This video shows a few different types of pry and wrecking bars and talks about their uses:

How do I Know Which Wrecking Bar to Get?

If you need a wrecking bar or a pry bar, then there are a few factors to take into consideration:

  • Length – Depending on the amount of leverage you need for the job you’re going to do, remember the longer the bar, the more leverage you’ll have. However, if you just want to remove nails from wood, then a really long bar probably isn’t going to be necessary, and a shorter one will do just fine. 
  • Type – Choose an appropriate type of bar for what you want to do. Not all wrecking bars are the same. The different shaped ends make them more suited to specific tasks, so be sure to pick one that will be the most useful. 
  • Quality – Not all wrecking bars are made the same. Cheap imported ones may be manufactured from weaker metals that are more likely to snap under pressure. Try to find ones that tell you what they are made from. Ideally, they should be made from steel or be carbon-heavy. 
  • Branding – You don’t always need to buy a big brand name in order to get a quality product. However, it can assure you that what you’re getting is up to the job. 
  • Cost – The old adage of “you get what you pay for” is often true. However, finding high-quality products that are on sale is a great way to bag a bargain, so keep a lookout for any offers.

How do you Care for a Pry Bar?

Like all tools, when well cared for, your pry bar will not only do the job better but last longer. 

Proper maintenance can significantly expand the life and usefulness of your pry bar, and it takes little time and effort to achieve.

  • Sharpening – As with any blunt tool, the usefulness is diminished. If your pry bar has a bladed end, keep it sharpened. 
  • Cleaning – By wiping off any mud, dirt, sap, grease, etc., that accumulates on your pry bar, you’ll help prevent it from rusting or becoming unpleasant to use. Ensure you dry it off if it gets wet.
  • Storing – When you store your pry bar, you can wipe over the ends with a thin coat of grease to help prevent rust.
  • Pressure – Never exert so much pressure on your pry bar that it begins to bend. If it does stop, as there is a danger that it may snap. This could cause serious injury to you and damage to what you are working on. 

What Can be Used Instead of a Wrecking Bar?

Depending on what you need to do, a hammer with a split end for nail pulling, a paint scraper for removing paint, or a screwdriver for prising open tins. To lever objects from the ground, a pickaxe or even a shovel may get the job done.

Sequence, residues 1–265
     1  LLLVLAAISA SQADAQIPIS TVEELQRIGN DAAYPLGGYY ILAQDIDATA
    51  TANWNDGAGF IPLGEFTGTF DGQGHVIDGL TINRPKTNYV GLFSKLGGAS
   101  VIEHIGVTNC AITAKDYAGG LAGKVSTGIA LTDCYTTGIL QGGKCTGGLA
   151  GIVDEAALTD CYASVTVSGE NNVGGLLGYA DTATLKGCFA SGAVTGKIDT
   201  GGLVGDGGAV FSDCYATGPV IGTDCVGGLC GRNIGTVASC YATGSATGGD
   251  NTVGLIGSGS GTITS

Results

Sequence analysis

How Did a Crowbar Get its Name?

There are a few theories behind how a crowbar got its name. Crowbars usually have a bladed end that is split into two halves. This makes it helpful in prying things open and pulling nails. Due to the shape of the split end, which may slightly resemble a crow’s foot, it is believed that this is the most likely reason a crowbar is so named. 

However, there remains some dispute about this, as others think the name is derived from such a tool being used in the crow’s nest of a ship. This dates back to the 1400s, so the real reason is unlikely to ever be discovered. 

Can You Carry a Pry Bar in Your Car?

As pry bars could cause some serious harm if brandished as a weapon, you could potentially get into trouble for carrying them. It is illegal to have them on your person if you are not using them as a work tool. 

Keeping a pry bar in your vehicle is a bit of a gray area, and it would depend on the state and local laws and why you have it.  


Whatever you wish to call them, pry bars, crowbars, or wrecking bars, they can be incredibly useful tools to have. We have six in total, all of different shapes and sizes, with varying uses. 

For stripping down pallets, taking out old nails from wooden planks and beams, prising rocks out of the pasture, or starting holes for fence posts, they are invaluable.

Having at least one mid-sized pry bar with a flat-bladed split end that is 90 degrees to the shaft and a slightly angled straight bladed end makes a handy tool for various jobs, and I highly recommend them. 

To learn more about other useful tools, you can find further articles on our website. Why don’t you have a look at the following guide to spanners?